Having high-quality marketing material to show off your HMO will attract quality tenants. We live in an age where promoting is critical to a business’s survival.

    As a personal property investor, you’re up against companies who spend a ton of resources staging properties. However, promoting properties has never been more accessible than today, thanks to more efficient avenues like video and remote viewings.

    Imagine a 3D Virtual Tour or 3D model of your property made just before completion, showing the right furniture, illumination, and style to convince your ideal tenants. That’s all possible. Here’s an example of a 3D Virtual Tour for one of our properties.

    Do you want a visual even earlier? During the concept phase, you can opt for a CGI (computer-generated image) of the property or room quality.

    Besides getting the attention you want, all these strategies also help your HMO stand out against low-quality rooms that attract highly price-sensitive tenants. After all, we’re in this for the long term, and quality tenants who pay for quality rooms are crucial to building a sustainable business and keeping turnover and other related issues under control.

    Do you know your obligations regarding heating regulations? While this isn’t part of the marketing process, the heating system should be on your priority checklist, as you will need to budget for the initial outlay and plan maintenance and upgrades. HMOs must maintain the standards for housing and tenants’ rights. This topic grants a thorough review, so add it to your list.



    Murphy’s Law states, “Anything that can go wrong will go wrong”. Many things can and will go wrong in a journey and career as an HMO investor. Complications with HMOs can be anything, from non-paying tenants to midnight boiler emergencies, damage or, worst case, even a fire. You can see how some of these can have a ripple effect with severe consequences.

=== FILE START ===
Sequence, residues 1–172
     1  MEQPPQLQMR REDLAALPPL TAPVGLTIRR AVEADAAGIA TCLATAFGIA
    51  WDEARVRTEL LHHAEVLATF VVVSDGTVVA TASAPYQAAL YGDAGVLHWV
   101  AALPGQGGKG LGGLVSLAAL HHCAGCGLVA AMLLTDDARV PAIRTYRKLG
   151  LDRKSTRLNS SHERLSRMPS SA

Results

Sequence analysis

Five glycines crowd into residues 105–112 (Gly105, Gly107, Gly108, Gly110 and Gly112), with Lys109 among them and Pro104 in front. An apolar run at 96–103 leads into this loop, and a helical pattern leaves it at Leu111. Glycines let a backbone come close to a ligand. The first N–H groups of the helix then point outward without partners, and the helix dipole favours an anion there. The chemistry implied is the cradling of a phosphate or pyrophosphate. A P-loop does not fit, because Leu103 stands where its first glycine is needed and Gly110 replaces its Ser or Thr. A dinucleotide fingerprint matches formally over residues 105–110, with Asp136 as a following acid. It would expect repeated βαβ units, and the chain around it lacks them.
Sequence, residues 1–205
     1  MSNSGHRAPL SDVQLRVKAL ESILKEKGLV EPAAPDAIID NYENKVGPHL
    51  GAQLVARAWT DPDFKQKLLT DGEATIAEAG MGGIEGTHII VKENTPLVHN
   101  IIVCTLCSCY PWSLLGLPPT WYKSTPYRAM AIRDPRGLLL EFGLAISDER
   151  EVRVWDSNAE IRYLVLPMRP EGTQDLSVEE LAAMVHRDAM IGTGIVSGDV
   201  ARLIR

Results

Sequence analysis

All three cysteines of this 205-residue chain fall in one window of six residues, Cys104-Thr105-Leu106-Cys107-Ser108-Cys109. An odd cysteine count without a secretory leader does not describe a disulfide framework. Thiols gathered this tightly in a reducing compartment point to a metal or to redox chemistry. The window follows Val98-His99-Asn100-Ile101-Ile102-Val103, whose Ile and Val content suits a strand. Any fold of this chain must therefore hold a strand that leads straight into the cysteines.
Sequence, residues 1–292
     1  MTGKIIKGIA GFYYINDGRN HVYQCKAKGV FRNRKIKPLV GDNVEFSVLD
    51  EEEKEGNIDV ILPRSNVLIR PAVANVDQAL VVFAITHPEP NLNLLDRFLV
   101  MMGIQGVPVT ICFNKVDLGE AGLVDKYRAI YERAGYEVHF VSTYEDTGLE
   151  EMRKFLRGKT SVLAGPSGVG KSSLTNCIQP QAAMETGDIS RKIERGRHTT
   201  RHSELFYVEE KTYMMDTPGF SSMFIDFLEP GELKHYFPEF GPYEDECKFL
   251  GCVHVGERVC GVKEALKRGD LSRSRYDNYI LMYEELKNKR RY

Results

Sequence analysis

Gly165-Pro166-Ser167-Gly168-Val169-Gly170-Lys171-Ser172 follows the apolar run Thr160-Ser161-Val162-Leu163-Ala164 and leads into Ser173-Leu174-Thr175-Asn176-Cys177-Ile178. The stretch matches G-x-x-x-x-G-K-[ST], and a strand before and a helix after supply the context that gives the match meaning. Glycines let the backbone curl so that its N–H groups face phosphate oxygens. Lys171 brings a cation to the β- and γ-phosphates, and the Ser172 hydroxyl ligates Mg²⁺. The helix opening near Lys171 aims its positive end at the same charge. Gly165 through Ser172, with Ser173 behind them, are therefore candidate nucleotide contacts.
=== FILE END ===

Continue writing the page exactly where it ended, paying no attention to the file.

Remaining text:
Getting the right insurance that covers all or most of these issues will give you complete peace of mind. Yes, it will reduce net positive cash flow, but it’s so worth it and essential if you’re serious about your investment.

    If you’d like to speak to an HMO insurance broker, we’d be happy to recommend a few and connect you.



    Keep your HMO compliant and running smoothly with our HMO Landlord Checklist. Download and print this checklist to make sure you cover all legal, safety, and operational steps.


    • Check whether you need HMO Planning Permission. This depends on the number of occupants in the property, the use class, and Article 4 restrictions in the area. In this case, the key deliverable is a Planning Decision Notice.
    • Check whether you need building regulations and appoint a competent firm to guide you. In this case, the key deliverable is a Building Completion Certificate issued by the Building Control Company.
    • Apply for HMO licensing based on the number of occupants. It’s advised to get an HMO license and stay compliant. In this case, the key deliverable is an HMO Licence document issued by the Local Authority.
    • Do your numbers and complete a thorough budget.
    • Have an exit strategy in place.
    • Due diligence before and during the life of your HMO project will help you understand the market and how best to promote your property.
    • Get your ideal tenants and your tenancy agreement right.
    • Hope for the best, prepare for the worst—don’t ignore the HMO-associated risks and secure insurance for your property.

    I hope this HMO checklist helps you get your HMO up to code before renting it out. Understanding the importance of HMO planning, building, and licencing and when you need them during the process is essential to avoid costly mistakes. Covering these bases should help you complete the project on time and, hopefully, on budget.

    Give your project the best possibilities, and  talk to one of our architects for a free consultation. We’ve advised many HMO landlords, helping them through the process as their trusted consultants on numerous successful projects.

    Get in touch. We’d love to help you.

    Picture of Giovanni Patania

    Giovanni Patania

    (Architect Director, Co-Founder)

    Giovanni Patania is the Lead Architect and Co-Founder at HMO Architect and Windsor Patania Architects.

    Originally from Siena, Italy, Giovanni worked as a Project Lead Architect at Foster+ Partners, designing Apple stores across the world,

    An HMO Investor himself, Giovanni understands property thoroughly, both from an investor's perspective and technically, as an Architect.

    With over 15 years of HMO development experience, working on over 150+ HMOs and a 95% Planning and Building Regulation success rate, Giovanni has the expertise and credentials to help you on your HMO journey."